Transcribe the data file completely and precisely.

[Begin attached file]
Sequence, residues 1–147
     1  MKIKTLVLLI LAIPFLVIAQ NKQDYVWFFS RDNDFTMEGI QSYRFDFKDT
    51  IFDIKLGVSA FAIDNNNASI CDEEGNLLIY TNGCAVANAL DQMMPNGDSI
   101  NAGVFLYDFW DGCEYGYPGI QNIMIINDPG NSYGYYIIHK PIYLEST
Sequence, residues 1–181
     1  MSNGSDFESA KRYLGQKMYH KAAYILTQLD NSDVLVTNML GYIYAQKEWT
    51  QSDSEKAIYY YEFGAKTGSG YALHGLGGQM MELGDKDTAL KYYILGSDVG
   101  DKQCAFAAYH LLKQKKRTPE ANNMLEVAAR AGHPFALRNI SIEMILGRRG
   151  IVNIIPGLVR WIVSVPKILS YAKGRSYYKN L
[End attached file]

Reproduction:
Sequence, residues 1–147
     1  MKIKTLVLLI LAIPFLVIAQ NKQDYVWFFS RDNDFTMEGI QSYRFDFKDT
    51  IFDIKLGVSA FAIDNNNASI CDEEGNLLIY TNGCAVANAL DQMMPNGDSI
   101  NAGVFLYDFW DGCEYGYPGI QNIMIINDPG NSYGYYIIHK PIYLEST
Sequence, residues 1–181
     1  MSNGSDFESA KRYLGQKMYH KAAYILTQLD NSDVLVTNML GYIYAQKEWT
    51  QSDSEKAIYY YEFGAKTGSG YALHGLGGQM MELGDKDTAL KYYILGSDVG
   101  DKQCAFAAYH LLKQKKRTPE ANNMLEVAAR AGHPFALRNI SIEMILGRRG
   151  IVNIIPGLVR WIVSVPKILS YAKGRSYYKN L